It is comprised of the four tools you see listed here, a risk assessment tool to help with identifying risks, and quantifying them and monetizing them. There's a public sector comparator tool that helps you calculate the cost for conventional delivery, and that's the baseline against which you would compare your P3 option. And the P3 option is calculated through the shadow bid tool, and it helps you calculate the amount of payments you would need to make to the private concessionaire as well as other ancillary costs you might incur as a public agency. And finally the final financial assessment tool pulls all of this information together, compares the public sector comparator estimate with the shadow bid estimate, and calculates the value for money. The financial assessment tool may also be used to assess financial viability, which is your ability as a public agency to actually pay for the project. So the focus of this webinar is actually on that last bullet, assisting in assessing financial viability. The prior webinars covered the first bullet, which is the comparison of the PSC and the shadow bid, and all of the prior tools.
So this graphic shows you how the tools are interrelated. You have a set of project assumptions that are input into the risk assessment tool, the public sector comparator tool, the shadow bid tool, and these tools calculate the values that go into the financial assessment tool to do the comparison for value for money analysis. And now the financial assessment tool can independently be used to simply do a financial viability analysis that is simply for you to figure out if you can afford the project. In other words, are the costs of the project sufficient, or are the revenues sufficient to pay for the cost of the project?
So what we will do in this webinar is lead you through five lessons. As you see here we'll first talk about P3 financial structures. We will then have a discussion of what financial models are, and then we will show you how these financial models may be used to address the metrics or to calculate the metrics that the public agency may need to know in order to find out if a project is viable. Then we will, in Lesson 4, look at what the lenders are concerned about in assessing financial viability. And finally what a concessionaire is concerned about will be discussed in Lesson 5.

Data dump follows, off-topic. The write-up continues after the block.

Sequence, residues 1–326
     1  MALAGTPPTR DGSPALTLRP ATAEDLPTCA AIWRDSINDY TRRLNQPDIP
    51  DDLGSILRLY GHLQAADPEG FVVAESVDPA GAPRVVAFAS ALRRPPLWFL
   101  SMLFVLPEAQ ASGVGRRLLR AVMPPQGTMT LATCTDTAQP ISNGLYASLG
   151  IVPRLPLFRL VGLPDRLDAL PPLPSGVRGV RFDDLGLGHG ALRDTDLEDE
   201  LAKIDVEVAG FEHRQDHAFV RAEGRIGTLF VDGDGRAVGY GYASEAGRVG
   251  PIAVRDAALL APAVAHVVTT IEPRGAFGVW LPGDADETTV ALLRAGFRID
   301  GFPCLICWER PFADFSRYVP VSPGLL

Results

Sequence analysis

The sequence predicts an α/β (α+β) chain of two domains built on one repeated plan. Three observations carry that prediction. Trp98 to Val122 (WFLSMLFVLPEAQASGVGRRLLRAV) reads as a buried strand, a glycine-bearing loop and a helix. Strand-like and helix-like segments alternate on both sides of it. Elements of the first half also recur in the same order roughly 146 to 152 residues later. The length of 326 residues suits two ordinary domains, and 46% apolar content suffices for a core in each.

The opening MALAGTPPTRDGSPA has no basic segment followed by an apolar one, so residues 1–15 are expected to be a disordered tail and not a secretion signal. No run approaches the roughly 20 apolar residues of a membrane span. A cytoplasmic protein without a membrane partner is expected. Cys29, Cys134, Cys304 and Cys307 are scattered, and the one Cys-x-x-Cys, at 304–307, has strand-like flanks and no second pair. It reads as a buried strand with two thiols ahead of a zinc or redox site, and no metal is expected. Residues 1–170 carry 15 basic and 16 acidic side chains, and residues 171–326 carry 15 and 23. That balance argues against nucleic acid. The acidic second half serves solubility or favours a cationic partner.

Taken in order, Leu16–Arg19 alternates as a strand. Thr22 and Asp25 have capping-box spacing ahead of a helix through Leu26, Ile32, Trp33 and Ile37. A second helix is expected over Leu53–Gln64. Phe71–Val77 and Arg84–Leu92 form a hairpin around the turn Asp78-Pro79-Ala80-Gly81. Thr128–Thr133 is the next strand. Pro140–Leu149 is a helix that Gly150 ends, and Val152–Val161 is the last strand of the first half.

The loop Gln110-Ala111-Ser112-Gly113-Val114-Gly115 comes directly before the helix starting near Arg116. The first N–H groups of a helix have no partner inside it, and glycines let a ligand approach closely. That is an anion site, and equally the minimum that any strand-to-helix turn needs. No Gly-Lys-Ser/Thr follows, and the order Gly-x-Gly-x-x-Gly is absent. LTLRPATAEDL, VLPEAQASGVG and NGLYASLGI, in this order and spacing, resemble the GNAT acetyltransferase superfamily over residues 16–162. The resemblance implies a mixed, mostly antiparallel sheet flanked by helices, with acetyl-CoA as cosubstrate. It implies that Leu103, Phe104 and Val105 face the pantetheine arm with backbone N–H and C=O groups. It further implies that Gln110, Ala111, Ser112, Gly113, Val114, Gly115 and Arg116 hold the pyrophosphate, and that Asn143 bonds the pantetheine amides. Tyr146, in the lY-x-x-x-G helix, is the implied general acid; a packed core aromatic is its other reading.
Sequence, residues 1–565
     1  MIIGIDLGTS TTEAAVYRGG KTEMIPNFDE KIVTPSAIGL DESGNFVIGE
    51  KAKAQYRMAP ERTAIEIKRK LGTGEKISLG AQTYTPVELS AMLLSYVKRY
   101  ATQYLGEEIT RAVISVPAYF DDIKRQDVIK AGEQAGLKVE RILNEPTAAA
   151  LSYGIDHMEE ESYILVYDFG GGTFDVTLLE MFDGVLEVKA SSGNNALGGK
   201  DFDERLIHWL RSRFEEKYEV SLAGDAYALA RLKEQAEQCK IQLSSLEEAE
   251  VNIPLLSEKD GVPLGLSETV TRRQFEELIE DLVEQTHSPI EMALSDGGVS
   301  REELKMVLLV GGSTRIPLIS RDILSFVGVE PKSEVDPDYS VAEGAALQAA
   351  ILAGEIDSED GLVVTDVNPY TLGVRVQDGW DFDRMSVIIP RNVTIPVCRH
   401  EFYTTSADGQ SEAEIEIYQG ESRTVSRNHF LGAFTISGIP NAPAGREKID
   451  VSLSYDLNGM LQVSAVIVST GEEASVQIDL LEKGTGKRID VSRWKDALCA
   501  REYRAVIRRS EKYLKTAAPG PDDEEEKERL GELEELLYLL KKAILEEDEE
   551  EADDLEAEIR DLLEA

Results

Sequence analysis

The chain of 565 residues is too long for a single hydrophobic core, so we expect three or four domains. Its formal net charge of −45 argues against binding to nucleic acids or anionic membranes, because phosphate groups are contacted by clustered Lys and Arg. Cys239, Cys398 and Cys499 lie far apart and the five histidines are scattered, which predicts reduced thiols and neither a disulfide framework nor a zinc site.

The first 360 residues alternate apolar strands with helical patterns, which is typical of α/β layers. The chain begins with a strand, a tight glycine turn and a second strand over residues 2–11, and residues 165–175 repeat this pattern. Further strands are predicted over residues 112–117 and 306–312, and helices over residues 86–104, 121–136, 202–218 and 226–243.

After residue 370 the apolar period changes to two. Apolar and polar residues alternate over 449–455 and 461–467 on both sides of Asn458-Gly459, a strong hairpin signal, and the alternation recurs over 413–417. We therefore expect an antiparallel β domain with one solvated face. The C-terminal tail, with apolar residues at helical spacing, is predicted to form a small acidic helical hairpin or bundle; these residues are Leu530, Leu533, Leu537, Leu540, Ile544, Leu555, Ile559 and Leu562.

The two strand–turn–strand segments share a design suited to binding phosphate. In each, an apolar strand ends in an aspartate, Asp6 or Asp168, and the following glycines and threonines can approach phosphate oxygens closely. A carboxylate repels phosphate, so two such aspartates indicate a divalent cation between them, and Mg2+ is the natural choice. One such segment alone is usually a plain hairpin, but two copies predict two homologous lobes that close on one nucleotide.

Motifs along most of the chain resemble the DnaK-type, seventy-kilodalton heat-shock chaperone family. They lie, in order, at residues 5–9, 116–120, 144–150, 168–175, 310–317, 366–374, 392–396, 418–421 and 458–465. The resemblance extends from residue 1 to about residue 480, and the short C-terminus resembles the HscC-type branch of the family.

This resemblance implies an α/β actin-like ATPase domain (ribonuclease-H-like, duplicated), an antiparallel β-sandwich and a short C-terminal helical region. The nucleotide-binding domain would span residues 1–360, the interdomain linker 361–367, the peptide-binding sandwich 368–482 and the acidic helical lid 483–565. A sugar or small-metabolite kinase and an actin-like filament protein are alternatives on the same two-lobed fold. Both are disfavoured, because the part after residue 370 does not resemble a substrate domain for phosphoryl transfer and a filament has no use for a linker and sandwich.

So hopefully by the end of the course, we hope you will understand a little better how P3s are structured. You should be able to describe the role of financial models, list key inputs and the outputs from financial models. And hopefully you will be able to describe the kinds of metrics that public agencies, lenders and concessionaires are interested in. And finally, we will be presenting some outputs from P3 value which we hope by the end of this webinar you will understand how they relate to the material we are presenting, as well as for those that are interested in delving deeper into P3 value, we have a couple of homework assignments that will help you get a hands-on experience with P3 value and understand a little better how these numbers are calculated.
So I will first talk about the financial structure of public/private partnerships. Of course, in all of these webinars, we assume that you have listened to the recordings of the prior webinars, or have prior knowledge, so if you find something that is basic that you don't understand, I encourage you to listen to recordings from prior webinars. This is something we covered earlier in a prior webinar.
This is just a refresher, showing you the various kinds of P3s and what P3 value focuses on is the type of P3s that are in bold: design, build, finance, operate and maintain. And there are two types of such P3s. One is a token session, the other an availability payment concession. So that's the focus of P3 value. You can also use P3 value to calculate what are known as shadow tools, which is a payment that the public agency makes per vehicle that uses the roadway.